The other pseudo axiom is that the electorate was never so fed up with politics as now. They turned away and why? Because of the behavior of the two parties and their leaders. This is also not true. It seems that some people like to write more than to read–i.e., to check the facts. According to an old Szonda Ipsos poll, half way through the Orbán government’s tenure 46% percent of the people were unsure about their party preferences or indicated that they had no intention to vote. Two years after the Medgyessy government took office this number was 41%, and half a year after Gyurcsány became prime minister the number was 45%. According to Median today this number is around 27-30%. Thus the situation today is better than it has been in the last eight years. Yet every second article mentions this falsehood.

But let’s continue with other pseudo axioms. One often hears that no government was hated as much as this one. Ever. This is also untrue. Each government has had its bad periods. During the Horn government only 12% of the electorate supported it (1997 January-March). During the Orbán government (December 2000) 17%. Gyurcsány’s worst number in his first term was 20% (June 2005). Today support is low–15% (January 2008), but in line with the low points of previous governments.

Another favorite axiom is that Gyurcsány will lose his position if the referendum favors Fidesz. Indeed, according to recent polls the Fidesz will have no problem getting either the necessary participation or the number of "yes" votes. According to some people, the number of "yes" votes might even reach three million. About one million more than needed. Thus parliament will abolish co-payment, hospital fees, and tuition at universities.  If all this is already known, nobody will be suprised. It will not be a huge shock to the MSZP, and therefore it is unlikely that there will be a palace revolt against Ferenc Gyurcsány. As Gyurcsány said in his blog: "What will come after March 9th? March 10th!"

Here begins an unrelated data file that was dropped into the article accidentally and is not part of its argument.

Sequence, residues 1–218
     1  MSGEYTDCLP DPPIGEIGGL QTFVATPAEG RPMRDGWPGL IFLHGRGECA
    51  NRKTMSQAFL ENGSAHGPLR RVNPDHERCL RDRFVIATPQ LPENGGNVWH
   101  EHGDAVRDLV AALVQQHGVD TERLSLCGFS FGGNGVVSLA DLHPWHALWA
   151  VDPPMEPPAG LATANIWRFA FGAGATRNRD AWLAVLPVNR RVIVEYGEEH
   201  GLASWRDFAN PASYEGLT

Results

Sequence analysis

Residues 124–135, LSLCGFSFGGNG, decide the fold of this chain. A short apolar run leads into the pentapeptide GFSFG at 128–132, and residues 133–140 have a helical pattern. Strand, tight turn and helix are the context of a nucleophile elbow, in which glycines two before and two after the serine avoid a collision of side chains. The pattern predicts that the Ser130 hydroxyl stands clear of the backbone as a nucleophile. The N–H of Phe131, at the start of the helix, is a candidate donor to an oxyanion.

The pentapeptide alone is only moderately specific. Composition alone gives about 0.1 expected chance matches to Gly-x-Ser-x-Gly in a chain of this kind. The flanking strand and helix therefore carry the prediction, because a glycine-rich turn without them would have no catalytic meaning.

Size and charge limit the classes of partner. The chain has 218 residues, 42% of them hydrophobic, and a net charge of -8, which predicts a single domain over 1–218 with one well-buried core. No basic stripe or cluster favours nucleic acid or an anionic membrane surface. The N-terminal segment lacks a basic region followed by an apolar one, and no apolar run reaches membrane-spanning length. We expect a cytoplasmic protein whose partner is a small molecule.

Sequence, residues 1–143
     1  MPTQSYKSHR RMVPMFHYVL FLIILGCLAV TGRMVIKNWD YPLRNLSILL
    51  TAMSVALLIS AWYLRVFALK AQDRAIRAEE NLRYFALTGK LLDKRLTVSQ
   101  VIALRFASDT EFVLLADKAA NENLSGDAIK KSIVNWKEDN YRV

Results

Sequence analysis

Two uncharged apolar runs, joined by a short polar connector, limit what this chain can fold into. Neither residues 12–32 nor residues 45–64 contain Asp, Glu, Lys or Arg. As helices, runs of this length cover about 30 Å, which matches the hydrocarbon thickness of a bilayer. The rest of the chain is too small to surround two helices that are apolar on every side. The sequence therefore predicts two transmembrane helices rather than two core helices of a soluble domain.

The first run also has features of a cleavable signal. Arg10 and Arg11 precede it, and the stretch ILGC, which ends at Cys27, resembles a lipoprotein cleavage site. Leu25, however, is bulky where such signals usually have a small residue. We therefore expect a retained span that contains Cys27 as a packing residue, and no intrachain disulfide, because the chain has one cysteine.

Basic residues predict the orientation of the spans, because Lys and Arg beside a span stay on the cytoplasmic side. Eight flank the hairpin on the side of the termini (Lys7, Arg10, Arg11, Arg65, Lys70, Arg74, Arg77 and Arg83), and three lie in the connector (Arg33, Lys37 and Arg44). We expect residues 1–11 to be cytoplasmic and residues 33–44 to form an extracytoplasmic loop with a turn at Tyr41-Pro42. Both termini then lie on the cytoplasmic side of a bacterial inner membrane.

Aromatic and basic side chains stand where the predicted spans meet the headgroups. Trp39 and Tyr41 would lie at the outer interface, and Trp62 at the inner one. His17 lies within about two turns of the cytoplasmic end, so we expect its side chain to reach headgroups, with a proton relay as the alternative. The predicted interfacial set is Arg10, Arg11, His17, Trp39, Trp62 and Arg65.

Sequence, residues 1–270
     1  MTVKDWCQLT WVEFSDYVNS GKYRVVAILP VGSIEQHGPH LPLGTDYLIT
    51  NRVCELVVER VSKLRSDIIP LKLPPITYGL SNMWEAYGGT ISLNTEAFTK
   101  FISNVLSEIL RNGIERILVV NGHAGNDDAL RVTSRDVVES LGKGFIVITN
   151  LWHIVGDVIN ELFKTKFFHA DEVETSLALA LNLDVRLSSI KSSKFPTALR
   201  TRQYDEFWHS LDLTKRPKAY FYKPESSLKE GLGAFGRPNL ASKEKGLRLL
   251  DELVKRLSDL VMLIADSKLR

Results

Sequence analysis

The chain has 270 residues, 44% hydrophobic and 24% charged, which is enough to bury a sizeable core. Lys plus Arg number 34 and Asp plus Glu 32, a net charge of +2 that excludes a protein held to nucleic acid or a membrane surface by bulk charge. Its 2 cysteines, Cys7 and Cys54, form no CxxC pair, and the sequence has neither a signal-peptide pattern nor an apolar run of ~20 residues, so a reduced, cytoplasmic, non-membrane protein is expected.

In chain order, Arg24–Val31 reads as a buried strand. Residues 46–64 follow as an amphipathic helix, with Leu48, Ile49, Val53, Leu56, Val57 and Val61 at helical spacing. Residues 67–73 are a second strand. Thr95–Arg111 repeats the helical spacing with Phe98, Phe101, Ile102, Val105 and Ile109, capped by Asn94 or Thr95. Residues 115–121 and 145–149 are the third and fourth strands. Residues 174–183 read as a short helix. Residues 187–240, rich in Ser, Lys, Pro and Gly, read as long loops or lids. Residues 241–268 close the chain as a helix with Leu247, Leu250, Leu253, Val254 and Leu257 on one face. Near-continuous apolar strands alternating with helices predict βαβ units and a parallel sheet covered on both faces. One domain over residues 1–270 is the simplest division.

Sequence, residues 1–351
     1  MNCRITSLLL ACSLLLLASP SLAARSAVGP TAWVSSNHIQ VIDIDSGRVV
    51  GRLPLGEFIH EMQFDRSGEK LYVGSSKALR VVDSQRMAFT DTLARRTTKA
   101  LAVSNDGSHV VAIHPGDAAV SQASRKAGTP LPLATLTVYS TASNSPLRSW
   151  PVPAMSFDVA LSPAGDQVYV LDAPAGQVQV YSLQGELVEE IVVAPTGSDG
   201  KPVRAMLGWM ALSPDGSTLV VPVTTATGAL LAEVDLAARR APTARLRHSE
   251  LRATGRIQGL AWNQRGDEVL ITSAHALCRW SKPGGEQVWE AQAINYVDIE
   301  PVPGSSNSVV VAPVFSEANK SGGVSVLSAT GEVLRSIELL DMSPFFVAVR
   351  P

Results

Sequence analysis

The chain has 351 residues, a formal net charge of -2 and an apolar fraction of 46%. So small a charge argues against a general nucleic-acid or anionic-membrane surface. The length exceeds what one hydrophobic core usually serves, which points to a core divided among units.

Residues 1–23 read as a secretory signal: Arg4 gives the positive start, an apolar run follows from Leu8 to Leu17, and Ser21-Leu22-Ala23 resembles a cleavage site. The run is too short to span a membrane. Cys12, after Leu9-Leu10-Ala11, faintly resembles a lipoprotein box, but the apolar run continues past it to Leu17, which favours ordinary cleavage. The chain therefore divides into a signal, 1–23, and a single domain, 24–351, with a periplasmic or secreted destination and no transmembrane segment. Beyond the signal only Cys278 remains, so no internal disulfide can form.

The real question is, as Kornélia Magyar concludes her article, not whether Gyurcsány will go but whether he will be able to come up with new programs, new ideas. Can he show positive results of the reforms: will there be better health care, less taxation, will there be "ownership," will there be a larger and more prosperous middle class? It is not the referendum that is important but whether the prime minister can come up with a strategy to turn things around.